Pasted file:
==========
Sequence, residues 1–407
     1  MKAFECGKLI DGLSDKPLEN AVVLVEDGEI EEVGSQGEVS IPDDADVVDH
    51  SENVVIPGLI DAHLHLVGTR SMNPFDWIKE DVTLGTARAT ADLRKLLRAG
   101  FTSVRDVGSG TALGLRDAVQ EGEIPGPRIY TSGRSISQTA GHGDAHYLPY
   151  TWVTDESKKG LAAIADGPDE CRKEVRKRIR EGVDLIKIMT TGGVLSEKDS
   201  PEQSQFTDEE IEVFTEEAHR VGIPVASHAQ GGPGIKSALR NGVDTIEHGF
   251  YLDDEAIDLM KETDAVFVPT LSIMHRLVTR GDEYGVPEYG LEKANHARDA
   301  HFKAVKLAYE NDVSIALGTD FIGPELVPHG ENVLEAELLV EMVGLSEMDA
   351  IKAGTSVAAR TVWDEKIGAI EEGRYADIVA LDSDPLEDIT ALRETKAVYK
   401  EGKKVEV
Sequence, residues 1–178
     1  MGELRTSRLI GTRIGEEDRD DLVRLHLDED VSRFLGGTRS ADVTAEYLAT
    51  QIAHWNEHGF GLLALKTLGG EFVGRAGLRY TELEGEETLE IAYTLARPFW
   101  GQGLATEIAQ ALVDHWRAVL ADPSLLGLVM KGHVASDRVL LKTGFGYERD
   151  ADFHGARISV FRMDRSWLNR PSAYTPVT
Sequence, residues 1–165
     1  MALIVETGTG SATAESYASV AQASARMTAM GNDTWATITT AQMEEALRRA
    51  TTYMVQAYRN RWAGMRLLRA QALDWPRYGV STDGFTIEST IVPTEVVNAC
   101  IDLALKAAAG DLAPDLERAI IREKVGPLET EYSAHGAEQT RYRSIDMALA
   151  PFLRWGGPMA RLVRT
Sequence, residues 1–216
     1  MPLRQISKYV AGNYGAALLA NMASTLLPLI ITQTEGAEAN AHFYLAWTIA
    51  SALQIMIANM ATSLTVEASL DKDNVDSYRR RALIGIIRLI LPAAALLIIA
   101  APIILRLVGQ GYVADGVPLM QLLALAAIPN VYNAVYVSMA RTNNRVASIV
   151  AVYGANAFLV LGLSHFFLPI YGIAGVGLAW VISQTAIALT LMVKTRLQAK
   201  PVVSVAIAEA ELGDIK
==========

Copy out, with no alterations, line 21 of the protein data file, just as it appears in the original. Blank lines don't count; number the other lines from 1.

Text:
Sequence, residues 1–216